After his attempt to disqualify all the judges in his Trial Chamber failed, Karadzic has filed a new motion for a re-trial based on ‘the cumulative effect’ of the prosecution’s failure to disclose the evidence on time

Radovan Karadzic in the courtroomRadovan Karadzic in the courtroom

The Trial Chamber has dismissed the motion filed by the accused Radovan Karadzic to disqualify the entire chamber: permanent judges Kwon and Morrison, and ad litem judges Baird and Latanzzi. The accused alleged in his motion that their terms of office, conferred by the UN General Assembly, expired on 16 July. Karadzic believes that the UN Security Council has overstepped its bounds last December, when it extended the judges’ terms until the end of this year, or until the end of the trial of the former Republika Srpska president.

In the decision dismissing the motion, the Chamber notes that the Tribunal’s judges are elected by the General Assembly, and that the Statute envisages the possibility of their re-election, without stipulating which body has the power to do so. The Chamber invokes the decision of the Appeals Chamber in the Krajisnik case, to state that the Security Council has the power to issue and implement decisions, including those that pertain to the judges’ term of office. The Chamber also reminds Karadzic that the General Assembly confirmed the Security Council resolution extending the judges’ terms of office to 31 December 2014.

Karadzic refuses to give up: in the meantime, he has filed a motion for a re-trial, stating that the prosecution has many times ‘breached its obligation to disclose’ exculpatory evidence. This has caused prejudice to the defense and has violated Karadzic’s right to a fair trial.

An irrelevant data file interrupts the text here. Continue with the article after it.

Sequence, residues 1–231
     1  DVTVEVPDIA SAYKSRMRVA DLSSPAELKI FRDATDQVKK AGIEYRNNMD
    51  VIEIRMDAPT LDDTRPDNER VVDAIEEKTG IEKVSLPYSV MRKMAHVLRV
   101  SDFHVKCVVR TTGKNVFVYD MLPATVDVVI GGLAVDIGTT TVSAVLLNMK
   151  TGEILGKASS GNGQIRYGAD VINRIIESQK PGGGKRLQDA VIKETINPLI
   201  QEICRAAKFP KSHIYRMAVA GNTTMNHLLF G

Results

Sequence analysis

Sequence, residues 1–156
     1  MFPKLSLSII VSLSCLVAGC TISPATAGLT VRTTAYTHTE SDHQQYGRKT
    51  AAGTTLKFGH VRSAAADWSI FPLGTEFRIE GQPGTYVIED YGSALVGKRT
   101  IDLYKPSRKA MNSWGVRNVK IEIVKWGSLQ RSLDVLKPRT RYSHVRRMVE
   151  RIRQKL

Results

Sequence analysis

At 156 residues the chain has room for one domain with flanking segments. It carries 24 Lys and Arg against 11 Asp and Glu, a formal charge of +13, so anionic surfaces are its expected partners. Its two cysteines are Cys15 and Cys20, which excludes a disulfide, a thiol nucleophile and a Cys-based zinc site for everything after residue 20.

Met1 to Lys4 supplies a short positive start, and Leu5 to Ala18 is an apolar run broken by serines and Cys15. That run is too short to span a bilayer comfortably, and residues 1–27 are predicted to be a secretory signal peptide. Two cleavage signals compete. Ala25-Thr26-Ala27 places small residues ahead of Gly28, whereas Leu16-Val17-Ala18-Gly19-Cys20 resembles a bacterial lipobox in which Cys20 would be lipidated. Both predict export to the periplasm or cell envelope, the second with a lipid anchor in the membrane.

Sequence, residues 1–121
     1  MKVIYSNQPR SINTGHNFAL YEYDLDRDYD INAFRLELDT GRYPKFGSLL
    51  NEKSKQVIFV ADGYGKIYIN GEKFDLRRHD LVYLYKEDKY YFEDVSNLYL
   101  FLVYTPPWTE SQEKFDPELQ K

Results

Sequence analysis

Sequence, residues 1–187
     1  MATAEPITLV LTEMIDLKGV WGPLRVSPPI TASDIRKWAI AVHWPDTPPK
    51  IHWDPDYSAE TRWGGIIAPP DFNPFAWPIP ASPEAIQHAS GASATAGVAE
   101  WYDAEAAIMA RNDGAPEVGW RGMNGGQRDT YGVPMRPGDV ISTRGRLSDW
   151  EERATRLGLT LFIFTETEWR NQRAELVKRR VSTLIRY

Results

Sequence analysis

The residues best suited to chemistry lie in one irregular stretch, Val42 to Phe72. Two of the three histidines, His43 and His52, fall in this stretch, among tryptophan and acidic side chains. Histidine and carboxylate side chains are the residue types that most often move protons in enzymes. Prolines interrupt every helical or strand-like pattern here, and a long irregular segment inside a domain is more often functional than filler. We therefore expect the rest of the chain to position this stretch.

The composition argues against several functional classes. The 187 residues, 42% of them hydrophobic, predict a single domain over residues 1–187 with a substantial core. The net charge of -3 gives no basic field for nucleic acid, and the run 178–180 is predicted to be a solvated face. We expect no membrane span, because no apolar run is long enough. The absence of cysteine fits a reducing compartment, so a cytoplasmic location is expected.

In August 2012, Karadzic filed a similar motion which was rejected by the Chamber.At that time, the judges ruled that the scope of the damage did not call for a re-trial. According to Karadzic, the prosecution has violated the disclosure obligation 73 times in the past five years, and persists in doing so. This has caused negative ‘cumulative effects’ for the preparation of Karadzic’s defense.

As Karadzic concluded, the Tribunal is founded on a concept that ‘when impunity for wrongdoing is ended, the wrongdoing will cease’. The same principle should apply to the prosecution in his case. The Chamber is ‘the guardian of the right of an accused to a fair trial’ and should not ‘look the other way in embarrassment’, Karadzic argues. ‘When disclosure is a failure, the trial is a failure’, Karadzic concludes, calling for a new trial as the only legal remedy for the continued breaches of the obligation to disclose exculpatory material.

The former Republika Srpska president is on trial for double genocide and other crimes in Bosnia and Herzegovina. Both the prosecution and the defense have rested their cases and the closing arguments have been scheduled for 29 September. The accused will then have to step out of the limelight. This is why Karadzic is now trying to get a re-match or at least to go into extra time in order to get some more time on stage, and to remain in the public eye for a while longer.